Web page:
sizzling steak dry rub Now, let’s get back to this fabulous meat . . . those spice-marinated rib eyes (pictured right, as they squeezed into a ceramic bowl to “marinate”) were put onto the hot grill, seared both sides, then put off to the side (not over direct heat, in a racked pan) to continue cooking until they reached about 123 degrees F (medium rare). Meanwhile, I had cooked some fresh corn on the cob and slathered the hot ear halves with a little bit of butter, then sprinkled them with the spice mix I used on the steak (I just made more of it from the beginning). The corn was a real highlight. I’ll be writing up a separate blog post about that. I also set out a Lebanese Layered Salad (which was ever so good). When the steaks were served I slathered a bit of the red pepper sauce on the piping hot plates, put the steak on top, then sprinkled it with fresh goat cheese chèvre and minced cilantro. Dinner was done. The rib eyes were fantastic. I don’t use that word all that often. They were SO good – the sauce and spice rub made it, though. I didn’t think I’d like the goat cheese, but it also was a nice foil to the beef. Yes, indeed, I’ll be making that recipe again. And maybe I’ll be making just the sauce by itself (Carpenter suggested you could use it in a variety of other ways) and freezing small portions so when we have a steak next time we can have more of that slather.

For dessert I wanted to make tiramisu, because it’s one of Dave’s favorites anyway. I had a new recipe (via America’s Test Kitchen). It was really, really good. I’ll post all the recipes in the next week. I apologize for this loooong recipe for the steak. It’s really not that hard. Believe me! And worth the time for sure.
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Sizzling Rib Eyes with Roasted Red Pepper Sauce

Recipe: Adapted from Hot Barbecue, by Hugh Carpenter
Servings: 4
NOTES: My advice: make twice the amount of the sauce – if you have leftovers of it, you’ll find other uses for it. It’s really delicious. If you use chicken stock granules, don’t add water – it’ll take a lot less time to reduce the sauce.

4 whole ribeye steaks — 1/2 inch thick
3 ounces goat cheese
1/2 cup cilantro leaves, whole
flavorless cooking oil to brush on the grill rack
4 whole garlic cloves — minced
18 whole allspice berries
1 piece cinnamon stick — about 1-inch long
1 teaspoon whole black peppercorns
1 teaspoon coriander seeds — 1/2″ cubes
1/2 teaspoon whole cloves
3 tablespoons chile powder
3 tablespoons dark brown sugar — packed
1 tablespoon dried thyme
2 teaspoons dry mustard
1 1/2 teaspoons salt
1 teaspoon freshly ground nutmeg
1 cup roasted red peppers — jarred, drained
1 cup chicken stock
1 cup dry red wine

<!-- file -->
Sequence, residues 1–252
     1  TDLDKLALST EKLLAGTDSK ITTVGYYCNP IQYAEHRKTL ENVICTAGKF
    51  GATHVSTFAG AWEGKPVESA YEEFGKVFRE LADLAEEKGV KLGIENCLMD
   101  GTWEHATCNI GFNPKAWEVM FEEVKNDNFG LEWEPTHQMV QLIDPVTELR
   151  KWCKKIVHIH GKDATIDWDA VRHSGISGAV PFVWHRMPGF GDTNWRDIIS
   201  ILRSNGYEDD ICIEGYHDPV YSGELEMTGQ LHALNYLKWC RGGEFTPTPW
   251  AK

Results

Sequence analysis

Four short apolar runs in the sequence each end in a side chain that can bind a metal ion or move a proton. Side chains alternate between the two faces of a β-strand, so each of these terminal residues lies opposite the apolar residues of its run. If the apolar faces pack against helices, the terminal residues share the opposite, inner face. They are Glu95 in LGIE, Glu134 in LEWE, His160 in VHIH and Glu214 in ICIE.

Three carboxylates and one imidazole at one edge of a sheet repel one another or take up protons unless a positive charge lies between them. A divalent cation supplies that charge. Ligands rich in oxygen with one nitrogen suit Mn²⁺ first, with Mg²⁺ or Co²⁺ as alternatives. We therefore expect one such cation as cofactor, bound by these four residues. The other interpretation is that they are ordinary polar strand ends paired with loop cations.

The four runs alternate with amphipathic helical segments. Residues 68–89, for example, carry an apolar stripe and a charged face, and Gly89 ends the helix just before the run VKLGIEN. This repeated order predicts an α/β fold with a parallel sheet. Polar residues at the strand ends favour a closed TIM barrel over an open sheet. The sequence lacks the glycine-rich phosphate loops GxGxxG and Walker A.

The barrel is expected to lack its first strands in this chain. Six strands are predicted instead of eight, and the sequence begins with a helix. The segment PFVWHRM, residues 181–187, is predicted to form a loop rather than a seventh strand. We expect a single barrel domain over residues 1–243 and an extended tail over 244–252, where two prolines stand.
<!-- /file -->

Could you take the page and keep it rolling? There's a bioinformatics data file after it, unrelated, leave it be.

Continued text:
2 tablespoons honey
2 teaspoons Asian hot sauce

1. STEAKS: Trim excess fat from the edges of the steak. Place the steaks in a glass container.
2. RUB: Rub the garlic cloves over both sides of the steaks. Place the allspice, cinnamon, peppercorns, coriander and cloves in a small dry skillet. Place the pan over medium heat and toast (stirring and shaking pan frequently) until the spices just begin to smoke. Some of them will just start to pop – watch for smoke, remove and pour onto a plate to cool.
3. Place the toasted spices in an electric spice grinder (or use a mortar and pestle) and grind finely. In a small bowl combine all the remaining spices and add the toasted spices. Stir to evenly combine them. Reserve 2 T. of the spices (for the sauce).
4. Rub the remaining spices over the steak surfaces, cover and refrigerate the steaks for 1-8 hours.
5. SAUCE: Place all ingredients for the roasted red pepper sauce in a blender. Add the reserved dry rub, then puree. Transfer the mixture to a heavy-duty saucepan, bring to a boil over high heat, simmer until the mixture has reduced to 1 1/2 cups. Cool and refrigerate. This can be made ahead and refrigerated.
6. 30 minutes before ready to cook, remove steaks and allow them to come to room temp.
7. Preheat grill to medium (350). Brush the cooking rack with a paper towel doused in the cooking oil. Insert a meat thermometer into the side of one of the steaks. Place the steaks in the center of the rack. If you don’t have a meat thermometer, grill steaks about 3 minutes per side (longer if steaks are thicker).
8. Once you’ve acquired grill marks on both sides, move steaks over to a part of the rack without direct heat. Continue cooking until a meat thermometer reads 123. Remove steaks, tent lightly with foil for about 5 minutes, then serve with the sauce.
9. During the time the steaks are cooking, reheat the sauce and adjust seasoning, if necessary. Spoon the sauce onto 4 heated plates and place meat right in the center of the sauce. Sprinkle the steak with goat cheese and cilantro. Serve immediately.
Per Serving: 563 Calories; 28g Fat (43.6% calories from fat); 29g Protein; 51g Carbohydrate; 11g Dietary Fiber; 79mg Cholesterol; 1599mg Sodium.

A year ago: Wellesley Chocolate Chip Cookies
Two years ago: Goat Cheese Chive Muffins (a favorite)